Restored 478-key, 31-tone Moog synthesizer from 1968 sounds beautifully bizarre


Shadowed photo of the Moog-Rothenberg keyboard

Ryan Young/Cornell University

Mathematician and early AI theorist David Rothenberg was fascinated by pattern-recognition algorithms. By 1968, he’d already done lots of work in missile trajectories (as one did back then), speech, and accounting, but he had another esoteric area he wanted to explore: the harmonic scale, as heard by humans. With enough circuits and keys, you could carve up the traditional music octave from 12 tones into 31 and make all kinds of between-tone tunes.

Happily, he had money from the Air Force Office of Scientific Research, and he also knew just the person to build this theoretical keyboard: Robert Moog, a recent graduate from Cornell University in Ithaca, New York, who was just starting to work toward a fully realized Moog Music.

The plans called for a 478-key keyboard, an analog synthesizer, a bank of oscillators, and an impossibly intricate series of circuits between them. Moog “took his time on this,” according to Travis Johns, instructional technologist at Cornell. He eventually delivers a one-octave prototype made from “1960s-era, World-War-II-surplus technology.” Rothenberg held onto the keyboard piece, hoping to one day finish it, until his death in 2018. His widow, Suhasini Sankaran, donated the kit to Cornell in 2022.

Because of that noble garage-cleaning, there now exists a finished device, one that has had work composed and performed upon it: the Moog-Rothenberg Keyboard.

Cornell’s telling of the Moog-Rothenberg keyboard, restored by university staff and students.

The project didn’t start until February 2023, partly because of the intimidating nature of working on a one-of-a-kind early synth prototype. “I would hate to unsolder something that was soldered 50 years ago by Robert Moog,” Johns says in the video.

Johns and his students and staff at Cornell sought to honor the original intent and schematics of the device but not ignore the benefits of modern tech. Programmable micro-controllers were used to divide up an 8 MHz clock signal, creating circuits with several octaves of the same note. Those controllers were then wired, laboriously, to the appropriate keys.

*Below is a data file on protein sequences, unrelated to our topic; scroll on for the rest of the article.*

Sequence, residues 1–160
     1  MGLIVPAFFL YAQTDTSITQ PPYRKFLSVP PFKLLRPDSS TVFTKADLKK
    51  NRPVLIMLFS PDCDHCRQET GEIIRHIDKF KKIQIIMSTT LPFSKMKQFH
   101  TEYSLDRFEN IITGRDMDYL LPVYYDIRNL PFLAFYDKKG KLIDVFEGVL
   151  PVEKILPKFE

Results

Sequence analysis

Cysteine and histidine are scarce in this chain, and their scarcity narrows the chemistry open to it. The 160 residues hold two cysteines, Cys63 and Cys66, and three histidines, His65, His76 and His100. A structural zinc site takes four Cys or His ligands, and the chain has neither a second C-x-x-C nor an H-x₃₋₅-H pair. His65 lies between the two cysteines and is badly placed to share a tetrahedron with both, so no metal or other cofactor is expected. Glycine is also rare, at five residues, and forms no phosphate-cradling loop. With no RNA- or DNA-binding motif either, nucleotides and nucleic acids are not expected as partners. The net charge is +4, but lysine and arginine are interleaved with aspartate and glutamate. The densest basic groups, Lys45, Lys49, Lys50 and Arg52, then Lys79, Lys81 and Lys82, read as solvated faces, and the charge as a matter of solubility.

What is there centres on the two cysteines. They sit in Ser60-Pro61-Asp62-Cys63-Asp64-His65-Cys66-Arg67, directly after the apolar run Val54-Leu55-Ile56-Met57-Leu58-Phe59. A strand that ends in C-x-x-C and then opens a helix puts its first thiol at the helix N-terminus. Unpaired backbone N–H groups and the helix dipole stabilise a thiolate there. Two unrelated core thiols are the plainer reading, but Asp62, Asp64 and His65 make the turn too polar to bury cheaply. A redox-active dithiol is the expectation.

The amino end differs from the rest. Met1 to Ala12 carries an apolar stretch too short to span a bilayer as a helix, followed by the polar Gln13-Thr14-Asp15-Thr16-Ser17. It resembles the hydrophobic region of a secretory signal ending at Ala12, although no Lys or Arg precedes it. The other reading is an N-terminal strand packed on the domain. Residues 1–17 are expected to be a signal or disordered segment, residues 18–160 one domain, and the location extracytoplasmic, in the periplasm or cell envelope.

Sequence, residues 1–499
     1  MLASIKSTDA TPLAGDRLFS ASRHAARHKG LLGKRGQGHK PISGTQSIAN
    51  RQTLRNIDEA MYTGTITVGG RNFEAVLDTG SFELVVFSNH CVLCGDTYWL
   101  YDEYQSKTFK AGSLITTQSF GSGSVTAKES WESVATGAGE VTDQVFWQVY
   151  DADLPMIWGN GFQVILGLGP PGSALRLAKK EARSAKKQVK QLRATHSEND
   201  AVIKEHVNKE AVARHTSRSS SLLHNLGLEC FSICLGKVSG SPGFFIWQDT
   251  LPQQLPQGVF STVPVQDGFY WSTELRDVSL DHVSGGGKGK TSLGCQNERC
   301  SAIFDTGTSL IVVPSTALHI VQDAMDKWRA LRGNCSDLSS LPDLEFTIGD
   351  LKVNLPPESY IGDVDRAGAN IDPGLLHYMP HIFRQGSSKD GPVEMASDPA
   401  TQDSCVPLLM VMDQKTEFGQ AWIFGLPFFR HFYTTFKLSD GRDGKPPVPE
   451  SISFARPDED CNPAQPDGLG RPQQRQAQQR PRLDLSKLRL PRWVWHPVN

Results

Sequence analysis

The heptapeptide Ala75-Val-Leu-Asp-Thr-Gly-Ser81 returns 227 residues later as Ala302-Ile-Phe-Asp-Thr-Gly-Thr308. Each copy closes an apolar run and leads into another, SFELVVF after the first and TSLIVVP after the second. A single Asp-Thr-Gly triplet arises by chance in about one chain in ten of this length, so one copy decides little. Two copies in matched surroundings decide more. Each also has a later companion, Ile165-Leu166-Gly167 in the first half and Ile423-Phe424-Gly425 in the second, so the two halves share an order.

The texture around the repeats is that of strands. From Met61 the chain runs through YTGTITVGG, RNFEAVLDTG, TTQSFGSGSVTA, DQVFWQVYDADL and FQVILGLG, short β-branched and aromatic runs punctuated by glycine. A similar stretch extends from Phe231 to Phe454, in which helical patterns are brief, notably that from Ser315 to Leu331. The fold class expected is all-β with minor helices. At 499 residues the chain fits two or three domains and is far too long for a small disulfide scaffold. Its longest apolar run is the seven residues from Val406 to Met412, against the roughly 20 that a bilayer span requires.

As Johns notes, it’s hard to categorize the synthesizer now as the original object, a re-creation, or a “playable facsimile” of a planned device. It’s also a particularly strange instrument. His team followed every mathematical and electrical detail of the original plans but found that the keyboard took on “a life of its own,” creating unusual timbres, resonances, and even volumes as soundwaves synchronized and fell away. This is, of course, the kind of thing Rothenberg originally hired Moog to make possible.

By October, the 31-tone synth was ready to play some music. Cornell professors Xak Bjerken and Elizabeth Ogonek performed and composed for it, respectively, and they were joined by members of Cornell’s EZRA quartet, themselves no stranger to strange instruments and new styles. Bjerken described his set as “bluegrass meets experimental improvisation.”

You can certainly hear the experimental come through in bits of the performance captured by Cornell. Ogonek manually controlled the instrument’s filters during the concert to create sustained tones. It requires more than two hands to control the output of 478 keys. The synthesizer now resides in Cornell’s Lincoln Hall for the Department of Music.


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